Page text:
Australia stepped up their fitness preparation for the 2010 FIFA World Cup™ with an arduous fitness-based first training session at their Johannesburg base.

There was not a ball in sight at St Stithians College as fitness and conditioning coach Darren Burgess put the Socceroos through a running-only session with the team looking to adapt to training at 1700 metres above sea level. The Socceroos are one of the few nations to have arrived in South Africa so far and captain Lucas Neill believes that arriving early to train in the conditions they will face during the tournament could give his side a competitive edge.

"We're trying to get used to this altitude 1700m above sea level. No-one was shocked to not see a ball come out," he said. "Everyone did really well and it's great to have a fully fit team now to be participating in training and I'm sure there is going to be a lot more focus on the running and fitness side, just to get used to altitude, and then slowly getting used to the ball and the way it moves in the air. Ten days here will make us a very fit team."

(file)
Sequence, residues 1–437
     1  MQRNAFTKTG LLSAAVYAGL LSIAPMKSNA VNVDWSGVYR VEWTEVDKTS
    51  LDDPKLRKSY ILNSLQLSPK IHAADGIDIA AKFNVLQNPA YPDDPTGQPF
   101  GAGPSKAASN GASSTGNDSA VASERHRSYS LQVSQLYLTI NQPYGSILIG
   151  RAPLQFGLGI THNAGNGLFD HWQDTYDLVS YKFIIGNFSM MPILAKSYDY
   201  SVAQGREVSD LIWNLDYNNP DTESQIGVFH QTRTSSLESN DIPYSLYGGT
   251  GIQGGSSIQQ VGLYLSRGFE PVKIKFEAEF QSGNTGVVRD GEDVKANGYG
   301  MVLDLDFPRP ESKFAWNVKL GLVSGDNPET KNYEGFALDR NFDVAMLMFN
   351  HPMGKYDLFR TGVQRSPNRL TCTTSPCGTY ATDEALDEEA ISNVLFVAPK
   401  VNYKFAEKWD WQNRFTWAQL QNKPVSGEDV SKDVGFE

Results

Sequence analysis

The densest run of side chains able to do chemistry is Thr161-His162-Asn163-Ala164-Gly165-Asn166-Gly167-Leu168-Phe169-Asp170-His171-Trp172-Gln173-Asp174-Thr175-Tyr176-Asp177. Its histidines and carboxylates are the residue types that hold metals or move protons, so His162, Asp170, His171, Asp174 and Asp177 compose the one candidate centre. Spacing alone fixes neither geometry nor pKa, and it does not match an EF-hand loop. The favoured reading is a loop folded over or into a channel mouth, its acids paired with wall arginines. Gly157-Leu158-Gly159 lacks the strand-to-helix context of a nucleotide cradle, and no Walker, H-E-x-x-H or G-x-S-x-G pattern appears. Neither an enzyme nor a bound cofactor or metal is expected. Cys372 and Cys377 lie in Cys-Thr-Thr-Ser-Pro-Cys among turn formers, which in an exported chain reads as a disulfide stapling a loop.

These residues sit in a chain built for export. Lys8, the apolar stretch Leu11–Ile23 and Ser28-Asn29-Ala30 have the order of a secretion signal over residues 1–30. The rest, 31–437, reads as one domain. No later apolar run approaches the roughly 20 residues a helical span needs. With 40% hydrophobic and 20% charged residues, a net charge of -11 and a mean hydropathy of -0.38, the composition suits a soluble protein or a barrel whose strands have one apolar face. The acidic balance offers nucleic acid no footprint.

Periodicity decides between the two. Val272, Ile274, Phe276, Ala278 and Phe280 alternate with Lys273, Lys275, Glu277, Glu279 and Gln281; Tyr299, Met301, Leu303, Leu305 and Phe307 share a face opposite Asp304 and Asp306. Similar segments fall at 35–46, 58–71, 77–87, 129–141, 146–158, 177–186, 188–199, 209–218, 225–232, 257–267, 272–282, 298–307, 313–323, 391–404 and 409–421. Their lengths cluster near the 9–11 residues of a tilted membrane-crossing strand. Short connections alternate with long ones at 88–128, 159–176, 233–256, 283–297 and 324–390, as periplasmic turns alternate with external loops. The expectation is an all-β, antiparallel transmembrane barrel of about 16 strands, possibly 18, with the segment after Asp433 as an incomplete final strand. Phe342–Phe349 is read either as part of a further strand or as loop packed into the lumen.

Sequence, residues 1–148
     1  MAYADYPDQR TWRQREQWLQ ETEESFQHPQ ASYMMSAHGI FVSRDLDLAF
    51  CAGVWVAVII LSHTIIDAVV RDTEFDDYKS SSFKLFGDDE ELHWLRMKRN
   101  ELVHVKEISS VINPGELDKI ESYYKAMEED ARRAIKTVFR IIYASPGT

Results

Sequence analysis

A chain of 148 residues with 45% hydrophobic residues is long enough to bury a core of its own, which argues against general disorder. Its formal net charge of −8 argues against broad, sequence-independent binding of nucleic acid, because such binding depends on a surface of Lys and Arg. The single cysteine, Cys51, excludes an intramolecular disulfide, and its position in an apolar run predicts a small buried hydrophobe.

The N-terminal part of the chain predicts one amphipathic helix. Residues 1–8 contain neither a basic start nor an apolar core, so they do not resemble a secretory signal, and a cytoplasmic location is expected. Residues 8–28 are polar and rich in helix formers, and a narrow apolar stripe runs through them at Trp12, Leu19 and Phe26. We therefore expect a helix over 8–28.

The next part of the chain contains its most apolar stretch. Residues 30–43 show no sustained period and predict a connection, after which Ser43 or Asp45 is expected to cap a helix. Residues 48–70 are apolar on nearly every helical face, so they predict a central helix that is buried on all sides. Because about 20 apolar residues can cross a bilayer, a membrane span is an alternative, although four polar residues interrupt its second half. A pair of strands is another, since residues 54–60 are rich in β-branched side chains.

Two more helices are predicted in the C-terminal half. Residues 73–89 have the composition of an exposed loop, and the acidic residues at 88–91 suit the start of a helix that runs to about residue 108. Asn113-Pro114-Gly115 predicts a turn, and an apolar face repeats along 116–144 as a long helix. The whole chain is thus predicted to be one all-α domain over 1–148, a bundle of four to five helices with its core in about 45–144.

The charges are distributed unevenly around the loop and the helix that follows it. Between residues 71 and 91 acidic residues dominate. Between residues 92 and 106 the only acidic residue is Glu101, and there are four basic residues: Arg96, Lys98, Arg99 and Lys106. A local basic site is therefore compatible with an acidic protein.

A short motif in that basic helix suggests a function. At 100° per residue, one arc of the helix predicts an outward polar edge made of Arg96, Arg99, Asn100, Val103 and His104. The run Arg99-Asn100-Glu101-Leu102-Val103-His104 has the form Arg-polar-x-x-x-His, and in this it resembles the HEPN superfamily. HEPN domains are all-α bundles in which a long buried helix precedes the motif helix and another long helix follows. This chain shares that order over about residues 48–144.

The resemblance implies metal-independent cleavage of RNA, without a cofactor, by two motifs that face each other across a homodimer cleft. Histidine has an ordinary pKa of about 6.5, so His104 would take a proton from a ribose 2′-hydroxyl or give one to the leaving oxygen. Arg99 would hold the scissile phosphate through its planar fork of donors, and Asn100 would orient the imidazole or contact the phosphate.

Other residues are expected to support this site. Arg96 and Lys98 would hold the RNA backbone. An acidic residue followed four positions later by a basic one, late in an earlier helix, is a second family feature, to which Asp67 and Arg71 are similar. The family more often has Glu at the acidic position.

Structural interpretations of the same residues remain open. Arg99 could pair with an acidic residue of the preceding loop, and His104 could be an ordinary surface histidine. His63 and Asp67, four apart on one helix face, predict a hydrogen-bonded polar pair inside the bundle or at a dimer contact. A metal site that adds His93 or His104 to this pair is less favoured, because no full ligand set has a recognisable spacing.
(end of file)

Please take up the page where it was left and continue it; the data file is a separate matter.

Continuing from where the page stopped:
It's the greatest honour you can possibly imagine, the first to walk out on the field, leading a team that's hungry and determined to want to be successful.

Lucas Neill on captaining Australia

Brett Emerton was the only player not to participate in the session as he battles a calf injury, while Harry Kewell took his place without discomfort. Neill admitted it was good to finally be in South Africa after experiencing a "circus" build-up before their departure from Australia. The Socceroos left their homeland earlier this week after their 2-1 farewell friendly win over New Zealand, and while Neill said he enjoyed the send-off he was happy to now be concentrating on the finals.

"Australia was great to be there with the people, but it was a little bit of a circus if we are being honest," he said. "There was a little bit too much to do and a little bit less focus on the football and now that is all behind us we can focus on one thing and that's to try and become a winning team."

Neill, who was part of the 2006 squad captained by Mark Viduka, spoke on his honour of becoming just the third Australian to captain a FIFA World Cup side. "It's the greatest honour you can possibly imagine, the first to walk out on the field, leading a team that's hungry and determined to want to be successful," he added. "It's past any dream you can every have and to do it in a great stage against the best in the world is amazing for me."